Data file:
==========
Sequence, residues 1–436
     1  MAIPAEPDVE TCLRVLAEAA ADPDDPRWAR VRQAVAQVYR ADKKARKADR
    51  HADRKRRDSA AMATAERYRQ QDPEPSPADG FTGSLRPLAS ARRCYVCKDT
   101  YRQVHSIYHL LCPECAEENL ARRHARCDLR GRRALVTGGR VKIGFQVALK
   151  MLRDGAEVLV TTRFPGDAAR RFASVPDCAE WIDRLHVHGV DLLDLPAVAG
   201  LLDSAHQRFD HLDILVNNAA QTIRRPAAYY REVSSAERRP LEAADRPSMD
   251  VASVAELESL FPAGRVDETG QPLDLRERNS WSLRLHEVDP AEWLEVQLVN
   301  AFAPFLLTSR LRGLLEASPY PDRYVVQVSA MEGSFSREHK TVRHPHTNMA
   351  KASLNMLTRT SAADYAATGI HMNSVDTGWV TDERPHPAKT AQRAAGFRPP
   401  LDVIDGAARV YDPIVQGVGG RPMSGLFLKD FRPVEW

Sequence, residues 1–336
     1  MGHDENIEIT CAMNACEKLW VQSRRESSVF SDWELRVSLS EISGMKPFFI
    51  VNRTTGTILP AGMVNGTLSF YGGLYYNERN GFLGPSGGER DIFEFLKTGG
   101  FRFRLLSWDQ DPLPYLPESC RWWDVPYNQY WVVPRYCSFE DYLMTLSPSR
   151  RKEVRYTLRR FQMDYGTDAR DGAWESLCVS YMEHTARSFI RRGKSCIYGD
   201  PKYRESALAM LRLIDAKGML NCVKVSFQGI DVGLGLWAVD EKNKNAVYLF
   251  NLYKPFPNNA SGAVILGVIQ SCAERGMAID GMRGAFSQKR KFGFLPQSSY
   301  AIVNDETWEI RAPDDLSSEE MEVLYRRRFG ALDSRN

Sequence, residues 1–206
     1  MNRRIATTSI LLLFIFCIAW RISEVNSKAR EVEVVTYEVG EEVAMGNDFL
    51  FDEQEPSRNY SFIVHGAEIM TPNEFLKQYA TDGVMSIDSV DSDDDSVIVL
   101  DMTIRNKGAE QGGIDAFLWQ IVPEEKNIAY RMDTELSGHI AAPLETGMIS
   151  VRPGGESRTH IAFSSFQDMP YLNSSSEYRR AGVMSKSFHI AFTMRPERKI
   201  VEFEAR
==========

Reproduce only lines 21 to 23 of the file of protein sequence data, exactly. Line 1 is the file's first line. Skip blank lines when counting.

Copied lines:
    51  FDEQEPSRNY SFIVHGAEIM TPNEFLKQYA TDGVMSIDSV DSDDDSVIVL
   101  DMTIRNKGAE QGGIDAFLWQ IVPEEKNIAY RMDTELSGHI AAPLETGMIS
   151  VRPGGESRTH IAFSSFQDMP YLNSSSEYRR AGVMSKSFHI AFTMRPERKI